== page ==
If birding, beaches and boardwalks have appeal – though perhaps not in that order – then perhaps you’d enjoy a spring trip to Point Pelee National Park in southwestern Ontario.
I checked out the place in some detail over the May long weekend. Point Pelee National Park is one of Canada’s smallest parks coming in at just over 20 square kilometres of land. It’s roughly a four hour drive from Toronto and accessed via the town of Leamington – Canada’s tomato capital – for your trivia of the day – and home to a Heinz factory.
Why you’ll want to visit Point Pelee National Park in spring
If you’re a keen birder you already know about what a fabulous place Point Pelee is during the spring bird migration. The total number of species recorded is 372 – 340 of which were observed over the spring migration. According to the Parks Canada website there have been some BIG DAYS where huge waves of birds have stopped for a breather. Here are a few examples of the numbers seen during a wave.
- In 1952 1,000 black-and-white warblers and 20,000 white-throated sparrows showed up over a three day period.
- On May 15, 1978 80 yellow-billed cuckoos, 250 scarlet tanagers and 70 eastern wood peewees were sighted.
- In other years 2,500 tundra swans 100,000 red-breasted mergansers have stopped by in a short time period.
If you’ve ever seen the movie The Big Year, you will appreciate – even if you’re not a birder – the thrill of seeing so many species of birds at one time.
You don’t have to be a birder to enjoy Point Pelee National Park.
The park is situated on a narrow spit of land that ends at a point – the southernmost tip of mainland Canada. There are fabulous beaches on either side of the spit. Bring a picnic, go for a swim or just relax with your family. And don’t miss a visit to the very tip. Just don’t even consider a swim there unless you want to become another drowning statistic. The water at the tip is known for its dangerous currents and undertows.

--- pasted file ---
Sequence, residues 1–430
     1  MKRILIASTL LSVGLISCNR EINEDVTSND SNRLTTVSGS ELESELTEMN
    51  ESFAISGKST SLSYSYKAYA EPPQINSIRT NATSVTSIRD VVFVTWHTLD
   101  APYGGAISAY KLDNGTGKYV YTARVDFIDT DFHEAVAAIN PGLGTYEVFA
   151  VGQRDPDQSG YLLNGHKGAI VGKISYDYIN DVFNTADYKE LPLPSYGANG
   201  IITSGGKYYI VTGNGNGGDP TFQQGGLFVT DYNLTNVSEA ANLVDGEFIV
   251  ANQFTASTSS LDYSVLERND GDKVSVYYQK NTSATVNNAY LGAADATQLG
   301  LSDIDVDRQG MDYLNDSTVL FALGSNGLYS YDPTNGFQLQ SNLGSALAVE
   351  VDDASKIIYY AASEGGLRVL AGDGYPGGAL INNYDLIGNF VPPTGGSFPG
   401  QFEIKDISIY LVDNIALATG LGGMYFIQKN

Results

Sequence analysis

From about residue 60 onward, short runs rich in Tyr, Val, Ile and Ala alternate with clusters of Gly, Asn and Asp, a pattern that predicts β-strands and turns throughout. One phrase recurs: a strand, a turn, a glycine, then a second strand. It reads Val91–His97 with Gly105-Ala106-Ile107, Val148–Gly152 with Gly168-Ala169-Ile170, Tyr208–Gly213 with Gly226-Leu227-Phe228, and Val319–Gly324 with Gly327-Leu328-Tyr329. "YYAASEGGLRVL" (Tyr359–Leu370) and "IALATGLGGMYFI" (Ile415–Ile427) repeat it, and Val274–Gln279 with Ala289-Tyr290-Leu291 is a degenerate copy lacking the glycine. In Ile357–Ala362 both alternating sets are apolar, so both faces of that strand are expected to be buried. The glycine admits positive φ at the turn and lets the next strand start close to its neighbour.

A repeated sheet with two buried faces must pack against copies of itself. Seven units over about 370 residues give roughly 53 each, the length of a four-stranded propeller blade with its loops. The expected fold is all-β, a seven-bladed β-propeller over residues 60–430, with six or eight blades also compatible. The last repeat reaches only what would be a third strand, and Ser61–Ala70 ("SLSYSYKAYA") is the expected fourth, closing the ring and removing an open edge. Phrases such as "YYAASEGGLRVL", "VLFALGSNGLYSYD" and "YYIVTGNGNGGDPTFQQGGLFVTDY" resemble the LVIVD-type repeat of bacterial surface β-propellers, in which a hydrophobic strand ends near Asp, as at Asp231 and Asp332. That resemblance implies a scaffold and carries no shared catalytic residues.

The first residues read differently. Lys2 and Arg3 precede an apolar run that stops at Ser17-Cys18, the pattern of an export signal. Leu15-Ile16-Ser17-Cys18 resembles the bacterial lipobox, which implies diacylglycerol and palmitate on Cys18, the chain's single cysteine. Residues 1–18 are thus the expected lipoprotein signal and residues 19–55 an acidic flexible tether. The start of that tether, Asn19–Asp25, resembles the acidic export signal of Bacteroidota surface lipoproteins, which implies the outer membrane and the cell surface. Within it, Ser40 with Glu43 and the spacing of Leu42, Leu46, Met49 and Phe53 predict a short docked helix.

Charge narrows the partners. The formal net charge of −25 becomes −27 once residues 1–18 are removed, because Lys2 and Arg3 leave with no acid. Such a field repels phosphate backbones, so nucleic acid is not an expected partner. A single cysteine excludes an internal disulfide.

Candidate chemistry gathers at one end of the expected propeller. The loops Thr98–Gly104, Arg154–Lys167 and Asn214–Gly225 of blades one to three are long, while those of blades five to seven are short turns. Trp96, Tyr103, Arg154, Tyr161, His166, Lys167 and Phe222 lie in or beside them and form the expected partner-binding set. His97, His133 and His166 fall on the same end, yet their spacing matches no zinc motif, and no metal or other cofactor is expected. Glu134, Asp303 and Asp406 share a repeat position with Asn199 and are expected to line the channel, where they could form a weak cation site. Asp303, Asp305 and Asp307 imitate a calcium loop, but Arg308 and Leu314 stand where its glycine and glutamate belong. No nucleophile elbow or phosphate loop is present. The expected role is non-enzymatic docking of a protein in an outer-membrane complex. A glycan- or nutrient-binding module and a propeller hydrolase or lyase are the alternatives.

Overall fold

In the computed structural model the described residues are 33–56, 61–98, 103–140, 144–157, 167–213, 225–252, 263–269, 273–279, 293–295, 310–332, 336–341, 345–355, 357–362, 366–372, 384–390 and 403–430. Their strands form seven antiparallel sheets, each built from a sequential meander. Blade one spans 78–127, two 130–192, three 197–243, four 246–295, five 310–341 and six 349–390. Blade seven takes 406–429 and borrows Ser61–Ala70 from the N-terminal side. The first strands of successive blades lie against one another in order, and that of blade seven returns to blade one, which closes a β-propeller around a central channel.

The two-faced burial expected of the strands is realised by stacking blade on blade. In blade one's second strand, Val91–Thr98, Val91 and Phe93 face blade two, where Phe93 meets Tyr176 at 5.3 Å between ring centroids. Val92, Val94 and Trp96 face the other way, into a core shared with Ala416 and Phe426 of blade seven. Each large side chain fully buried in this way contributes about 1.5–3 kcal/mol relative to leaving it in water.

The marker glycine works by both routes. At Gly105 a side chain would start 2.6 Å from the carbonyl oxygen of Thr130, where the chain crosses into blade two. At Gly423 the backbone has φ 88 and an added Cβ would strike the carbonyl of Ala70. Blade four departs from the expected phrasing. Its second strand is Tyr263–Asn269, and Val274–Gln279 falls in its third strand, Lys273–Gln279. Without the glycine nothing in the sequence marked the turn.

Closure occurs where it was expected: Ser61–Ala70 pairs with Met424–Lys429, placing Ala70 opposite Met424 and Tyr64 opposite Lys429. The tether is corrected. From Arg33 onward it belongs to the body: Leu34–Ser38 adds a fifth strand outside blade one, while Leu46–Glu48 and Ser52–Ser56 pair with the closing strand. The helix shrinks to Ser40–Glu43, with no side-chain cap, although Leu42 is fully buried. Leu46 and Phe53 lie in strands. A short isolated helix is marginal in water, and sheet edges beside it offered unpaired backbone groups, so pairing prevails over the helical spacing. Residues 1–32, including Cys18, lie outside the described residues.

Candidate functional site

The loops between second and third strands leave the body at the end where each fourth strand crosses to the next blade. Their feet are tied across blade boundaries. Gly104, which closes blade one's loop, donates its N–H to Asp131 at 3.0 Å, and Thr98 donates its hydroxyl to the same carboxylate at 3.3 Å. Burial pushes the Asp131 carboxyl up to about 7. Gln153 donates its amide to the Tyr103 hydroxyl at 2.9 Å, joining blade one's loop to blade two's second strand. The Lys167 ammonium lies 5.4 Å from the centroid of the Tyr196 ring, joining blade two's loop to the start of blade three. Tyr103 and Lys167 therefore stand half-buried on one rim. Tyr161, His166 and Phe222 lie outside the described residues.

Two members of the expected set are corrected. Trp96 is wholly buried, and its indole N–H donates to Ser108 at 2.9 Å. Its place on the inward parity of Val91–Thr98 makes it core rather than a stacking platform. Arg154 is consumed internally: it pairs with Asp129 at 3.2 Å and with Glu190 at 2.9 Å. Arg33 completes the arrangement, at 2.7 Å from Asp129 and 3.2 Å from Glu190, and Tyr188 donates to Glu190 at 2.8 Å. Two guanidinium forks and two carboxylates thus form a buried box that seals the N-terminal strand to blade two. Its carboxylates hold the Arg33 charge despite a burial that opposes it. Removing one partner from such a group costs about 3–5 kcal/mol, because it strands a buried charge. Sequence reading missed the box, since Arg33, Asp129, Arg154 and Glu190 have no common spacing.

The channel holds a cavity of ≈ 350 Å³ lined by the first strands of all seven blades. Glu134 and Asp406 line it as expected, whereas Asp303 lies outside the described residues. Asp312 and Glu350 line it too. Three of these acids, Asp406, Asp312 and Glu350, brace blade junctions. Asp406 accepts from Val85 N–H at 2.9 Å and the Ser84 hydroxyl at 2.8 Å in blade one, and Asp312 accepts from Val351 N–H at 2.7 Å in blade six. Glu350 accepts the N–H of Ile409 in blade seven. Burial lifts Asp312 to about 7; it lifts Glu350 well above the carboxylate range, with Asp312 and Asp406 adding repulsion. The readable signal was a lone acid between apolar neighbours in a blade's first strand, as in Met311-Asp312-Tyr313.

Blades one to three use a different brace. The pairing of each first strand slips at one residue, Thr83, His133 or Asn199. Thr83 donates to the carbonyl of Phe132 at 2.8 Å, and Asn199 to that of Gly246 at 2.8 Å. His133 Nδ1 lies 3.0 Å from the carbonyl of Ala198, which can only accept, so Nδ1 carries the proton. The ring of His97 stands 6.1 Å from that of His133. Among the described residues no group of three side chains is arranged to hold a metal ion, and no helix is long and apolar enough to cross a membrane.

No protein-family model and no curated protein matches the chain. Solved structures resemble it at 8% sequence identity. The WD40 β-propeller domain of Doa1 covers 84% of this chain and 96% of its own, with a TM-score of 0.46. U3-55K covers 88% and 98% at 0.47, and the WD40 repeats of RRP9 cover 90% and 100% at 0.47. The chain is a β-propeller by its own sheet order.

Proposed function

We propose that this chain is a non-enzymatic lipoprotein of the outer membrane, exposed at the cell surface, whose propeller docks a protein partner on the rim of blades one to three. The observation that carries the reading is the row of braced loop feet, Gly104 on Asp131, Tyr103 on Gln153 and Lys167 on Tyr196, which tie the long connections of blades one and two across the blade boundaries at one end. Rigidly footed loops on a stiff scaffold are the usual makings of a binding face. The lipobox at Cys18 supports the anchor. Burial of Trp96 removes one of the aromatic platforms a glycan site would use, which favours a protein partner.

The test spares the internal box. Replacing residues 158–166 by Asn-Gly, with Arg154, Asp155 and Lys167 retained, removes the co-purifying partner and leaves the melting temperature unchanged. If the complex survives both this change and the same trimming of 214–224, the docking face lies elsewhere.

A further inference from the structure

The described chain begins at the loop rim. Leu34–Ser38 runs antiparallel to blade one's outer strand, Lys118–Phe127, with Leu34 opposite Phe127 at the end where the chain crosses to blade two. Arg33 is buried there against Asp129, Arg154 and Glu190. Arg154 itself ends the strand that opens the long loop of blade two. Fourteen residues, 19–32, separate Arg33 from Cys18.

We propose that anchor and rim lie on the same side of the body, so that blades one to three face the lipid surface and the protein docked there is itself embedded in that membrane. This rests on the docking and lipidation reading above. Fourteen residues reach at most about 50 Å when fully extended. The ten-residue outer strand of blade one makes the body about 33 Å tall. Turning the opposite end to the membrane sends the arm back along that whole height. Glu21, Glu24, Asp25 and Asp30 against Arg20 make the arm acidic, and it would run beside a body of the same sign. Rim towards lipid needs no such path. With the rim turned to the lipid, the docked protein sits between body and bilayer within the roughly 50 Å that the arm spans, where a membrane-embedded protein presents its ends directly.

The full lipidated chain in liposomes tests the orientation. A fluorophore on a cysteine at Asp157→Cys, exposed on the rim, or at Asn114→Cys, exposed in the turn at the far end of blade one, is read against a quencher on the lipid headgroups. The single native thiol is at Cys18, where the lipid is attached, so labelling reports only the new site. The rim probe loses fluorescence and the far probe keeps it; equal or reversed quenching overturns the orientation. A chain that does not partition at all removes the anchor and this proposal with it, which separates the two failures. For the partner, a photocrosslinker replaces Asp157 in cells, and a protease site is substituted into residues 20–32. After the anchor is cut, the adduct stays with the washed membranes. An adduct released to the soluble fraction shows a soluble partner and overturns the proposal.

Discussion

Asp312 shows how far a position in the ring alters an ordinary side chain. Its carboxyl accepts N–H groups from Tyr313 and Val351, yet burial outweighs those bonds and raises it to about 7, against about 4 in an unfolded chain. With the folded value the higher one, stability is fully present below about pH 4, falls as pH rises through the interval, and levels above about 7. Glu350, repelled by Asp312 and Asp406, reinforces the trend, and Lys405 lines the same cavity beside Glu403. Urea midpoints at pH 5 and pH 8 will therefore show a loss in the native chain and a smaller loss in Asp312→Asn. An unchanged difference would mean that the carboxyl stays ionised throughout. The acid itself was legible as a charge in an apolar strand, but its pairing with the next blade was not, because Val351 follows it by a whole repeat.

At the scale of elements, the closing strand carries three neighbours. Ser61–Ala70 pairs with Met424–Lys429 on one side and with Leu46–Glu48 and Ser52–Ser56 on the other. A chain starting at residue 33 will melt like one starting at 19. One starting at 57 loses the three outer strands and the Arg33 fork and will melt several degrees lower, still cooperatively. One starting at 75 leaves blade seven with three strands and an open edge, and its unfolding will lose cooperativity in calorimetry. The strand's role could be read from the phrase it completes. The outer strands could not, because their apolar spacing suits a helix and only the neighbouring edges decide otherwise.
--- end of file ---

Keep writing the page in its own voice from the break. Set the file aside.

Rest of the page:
I spent many hours hiking a myriad of trails that run through the park. Most are short. All are flat and easy. My favourite hike was the one kilometer long Marsh Boardwalk. It’s popular one for the whole family – as you get up close to cattails, lily pads, turtles, birds and frogs. I had also hoped to paddle around the ponds as there are boats available to rent but for whatever reason they weren’t open on the Monday of the May long weekend. That would be a fabulous way to explore the park.
Hiking in the woods in Point Pelee National Park
The wooded walks I did were pleasant too – especially as the woods were just full of birdsong – 99% of which I couldn’t identify. I hiked a number of loops and enjoyed the peace of the woods, trying to find (and identify) the elusive bird singing in the tree and the spring flowers. Though hardly exotic I loved coming across wild turkeys on a couple of occasions.
As mentioned in an earlier blog – Five Things I Hope to Avoid on My Upcoming Solo Adventure – one of those things was snakes. And there are a lot of snakes in Point Pelee National Park. I am pleased to report that I saw only one of them – a garter snake that was less than a foot long. Thank heavens I didn’t see a six foot long Fox Snake.
Point Pelee is well worth a trip – if not in the spring then in the fall to catch the monarch butterfly migration. According to my B&B host in Leamington that’s usually sometime during the last week in September.
It’s $7.80 per adult to visit the park or $19.60 per family. It would be easy to spend an entire weekend exploring all aspects of the park. You can’t camp in the park (unless with a group) but there are lots of options nearby.
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